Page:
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Wound Assessments

These Wound Assessment guidelines meet the requirements for Medicare/Medicaid OASIS and are endorsed by the Wound and Ostomy Nurses Organization.

  1. Location-can give clues as to the cause. For example: trochanteric (bony prominence at the upper end of femur) indicates pressure from a side lying position, ischial (lower portion of hip bone) and sacral indicate pressure from sitting.
  2. Shape---triangular, linear, etc.
  3. Size-measure length, width and depth. All measurements should be done with the patient in the same position on each visit. Measure length from head to toe. Measure width from hip to hip. To measure depth, moisten a sterile cotton tipped applicator with 0.9% sodium chloride. Place applicator tip in the deepest aspect of the wound and measure the distance to the skin level. If the depth is uneven, measure several areas and document the range and which part is the deepest. Document all measurements in cm.
  4. Undermining: Assess by inserting a sterile Q-tip moistened with 0.9 Sodium Chloride under the edge of the wound advance as far as it will go without using undue force. Measure the distance to the skin level. Document all measurements in cm.
  5. Drainage:
    • A: Type
      • Bloody-thin, bright red
      • Serosanguinous---thin, watery, pale red to pink
      • Serous---thin, water, clear (indicates infection)
      • Purulent---thin or thick, opaque tan to yellow (indicates infection)
      • Foul purulent---thick, opaque yellow to green with offensive odor (indicates infection)
    • B: Amount:
      • None-wound tissues dry
      • Scant---wound tissues moist, no measurable drainage
      • Small-wound tissues wet, moisture evenly distributed in wound, drainage involved 25% of dressing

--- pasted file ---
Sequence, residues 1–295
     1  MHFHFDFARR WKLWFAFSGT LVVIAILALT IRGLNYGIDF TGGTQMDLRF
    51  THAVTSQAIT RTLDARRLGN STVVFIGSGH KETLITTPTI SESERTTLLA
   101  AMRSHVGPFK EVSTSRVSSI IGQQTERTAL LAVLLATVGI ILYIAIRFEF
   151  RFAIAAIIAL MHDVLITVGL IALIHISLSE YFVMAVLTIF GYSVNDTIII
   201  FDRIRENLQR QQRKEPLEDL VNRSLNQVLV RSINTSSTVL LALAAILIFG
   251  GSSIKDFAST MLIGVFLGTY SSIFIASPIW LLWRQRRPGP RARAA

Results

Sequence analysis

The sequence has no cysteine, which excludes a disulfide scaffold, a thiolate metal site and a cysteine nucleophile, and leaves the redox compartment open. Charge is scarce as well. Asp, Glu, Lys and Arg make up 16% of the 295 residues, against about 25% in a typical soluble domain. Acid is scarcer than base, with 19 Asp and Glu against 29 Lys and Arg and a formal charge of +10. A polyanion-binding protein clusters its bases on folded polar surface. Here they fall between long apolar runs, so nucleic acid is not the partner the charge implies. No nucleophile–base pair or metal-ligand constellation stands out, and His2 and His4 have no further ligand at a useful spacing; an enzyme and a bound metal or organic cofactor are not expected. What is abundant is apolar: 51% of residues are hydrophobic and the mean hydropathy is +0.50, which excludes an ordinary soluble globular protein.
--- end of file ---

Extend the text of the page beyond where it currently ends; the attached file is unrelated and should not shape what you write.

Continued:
• Moderate---wound tissue saturated, drainage may or may not be evenly distributed in wound, drainage involved 25% to 75% of dressing
      • Large---wound tissues bathed in fluid, drainage freely expressed, may or may not be evenly distributed in wound, drainage involves 75% of dressing
  6. Description of Wound:
    • Stage I intact skin with non-blanchable redness of a localized area usually over a bony prominence
    • Stage II: Partial thickness involves loss of the epidermis and dermis. Presents as a shallow open ulcer with a red pink wound bed, without slough. May also present as an intact or open/ruptured blister.
    • Stage III Full thickness without appearance of tendon, muscle or bone but may have exposure of subcutaneous tissues
    • Stage IV Full thickness with tendon, muscle, bone exposure----involves damage to the subcutaneous tissue, muscle and bone.
    • Granulation---tissue includes new blood vessels, pink then turns to red.
    • Slough---moist, yellow to tan.
    • Eschar---dry, dead tissue, dark brown or black.
  7. Wound Status:
    • Fully Granulating: wound bed filled with granulation tissue to the level of the surrounding skin or new epithelium, no dead spaces no eschar &/or slough, no signs/symptoms of infection, wound edges are open
    • Early/Partial Granulation: 25% of the wound bed is covered with granulation tissue, there is minimal exchar &/or slough, may have dead space, no signs/symptoms of infection, wound edges open
    • Not Healing: wound with 25% eschar &/or sloughing OR signs/symptoms of infection, clean but non-granulating wound bed OR closed/hyperkeratotic wound edges OR persistent failure to improve despite appropriate comprehensive wound management.
    • Note: A new Stage 1 pressure ulcer is reported on Medicare/Medicaid Oasis as "Not Healing".

Full and exact wound assessments are to be completed weekly for all clients. Documentation of procedures is done each time the nurse performs the procedure. MD should be notified of the first signs or symptoms of infection and for deterioration of a wound. An incident report is completed for a worsening of a decubitus ulcer or infection of a wound that was not present at admission despite notification to the physician.

There must be a physician's order for all necessary dressings and products used on the wound. Instructions given to the client at each visit are do be documented including nutritional, infection control, pressure relief, procedural instructions, importance of proper hydration, S&S to report to the MD.




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